Point: Do Schreiber students segregate themselves?

Rebecca Charno, Staff Writer

Schreiber often prides itself on being a diverse high school with an entirely supportive environment.  And while one can’t refute the numerous religious, ethnic and political groups that we see in our town, you can, however, question the school’s ability to merge these groups in the classroom.

Within the classroom, there is definitely some isolation between social groups.  For instance, Schreiber offers English Second Language courses, or ESL, which focus on helping students with their English.  Although these classes are extremely helpful, they often end up isolating these students because they do not interact with the rest of the school in a classroom setting as often as they normally would.

“While I do think that the ESL classes are very well intentioned, they separate an entire part of the school.  If we don’t see these students in the classroom, it limits the interactions that we have with them.  Then, we aren’t really interacting at all and the separation is definitely there,” said sophomore Maddie Hiller.

Another divide in the classroom exists between the students who take honors classes and the students who don’t.  As a student progresses through their years in Schreiber, they begin to realize that their classes generally consist of the same group of one hundred students.  This is because the deliberate labeling of “honors” and “standard” classes puts every student into a separate grouping. 

“Throughout my years in Schreiber, it’s been hard to get to know my whole grade.  Unless you deliberately go out of your way not to do so, you only only interact with a small portion of the grade in the classroom.  This definitely separates the school,” said senior Emily Rubens.

As for divisions outside the classroom, many students are divided by their opinions on social and political issues.  Obviously, not every student in our school is going to have the same solution to issues such as gun control and school safety, but these diverse views are creating a divide among the student body.  For instance, during the walkout, people were motivated to participate for different reasons: some stood outside solely to improve the gun laws in our country, while others did in order to remember the seventeen innocent people who lost their lives in Parkland just over a month ago.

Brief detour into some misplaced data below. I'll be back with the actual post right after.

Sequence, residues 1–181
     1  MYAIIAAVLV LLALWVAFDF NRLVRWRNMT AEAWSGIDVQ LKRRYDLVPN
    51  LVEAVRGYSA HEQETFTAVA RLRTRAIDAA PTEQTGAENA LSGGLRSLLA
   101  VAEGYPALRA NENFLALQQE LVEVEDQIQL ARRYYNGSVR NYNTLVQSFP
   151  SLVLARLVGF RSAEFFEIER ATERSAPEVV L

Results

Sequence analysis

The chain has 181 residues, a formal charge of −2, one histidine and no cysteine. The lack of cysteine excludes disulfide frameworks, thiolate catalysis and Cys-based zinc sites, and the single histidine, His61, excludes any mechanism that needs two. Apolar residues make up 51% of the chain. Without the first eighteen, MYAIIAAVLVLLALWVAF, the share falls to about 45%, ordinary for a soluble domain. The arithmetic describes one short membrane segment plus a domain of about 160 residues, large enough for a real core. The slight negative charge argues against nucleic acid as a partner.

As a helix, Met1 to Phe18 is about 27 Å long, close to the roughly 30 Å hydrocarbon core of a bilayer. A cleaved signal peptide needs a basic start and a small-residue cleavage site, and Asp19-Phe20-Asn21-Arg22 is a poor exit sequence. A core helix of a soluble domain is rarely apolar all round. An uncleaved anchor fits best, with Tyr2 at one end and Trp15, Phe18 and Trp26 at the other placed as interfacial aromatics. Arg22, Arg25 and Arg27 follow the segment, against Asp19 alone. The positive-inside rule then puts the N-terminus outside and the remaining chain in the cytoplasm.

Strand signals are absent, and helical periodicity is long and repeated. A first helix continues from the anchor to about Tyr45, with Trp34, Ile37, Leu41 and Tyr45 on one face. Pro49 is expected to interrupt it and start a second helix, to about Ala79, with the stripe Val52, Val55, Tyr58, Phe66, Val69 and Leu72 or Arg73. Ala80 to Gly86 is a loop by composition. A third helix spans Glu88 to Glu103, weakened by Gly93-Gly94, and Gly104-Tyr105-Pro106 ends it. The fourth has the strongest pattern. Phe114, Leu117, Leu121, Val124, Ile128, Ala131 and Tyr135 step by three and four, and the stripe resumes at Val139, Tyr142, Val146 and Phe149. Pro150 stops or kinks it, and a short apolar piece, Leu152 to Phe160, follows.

“Because of everything you see going on in the news, there are so many topics  to have an opinion on right now.  And it’s easy to see that not every student is going to agree with each other on these topics.  That can make it hard to interact with some people when their political views are so different from yours,” said sophomore Ava Fasciano.

Aside from the shooting, there is an incomprehensible amount of scandals, arguments and controversy that has existed in the past year alone. It is all too apparent that the student body has varying opinions on the current presidential administration, for example.

Schreiber may be diverse, but all of these factors prove that it is definitely not unified in all ways.  While this may seem unfortunate, it would be hard to make the school feel otherwise due to students’ varying political views, scholastic interests and course loads.

The most realistic solution is that students must listen to each other more often, rather than just isolate themselves from people who have opposing views.  Every Schreiber student should take every given opportunity to reach out to a new person and listen to what they have to say with an open mind.  Segregation definitely does exist at Schreiber, but it doesn’t have to carry on.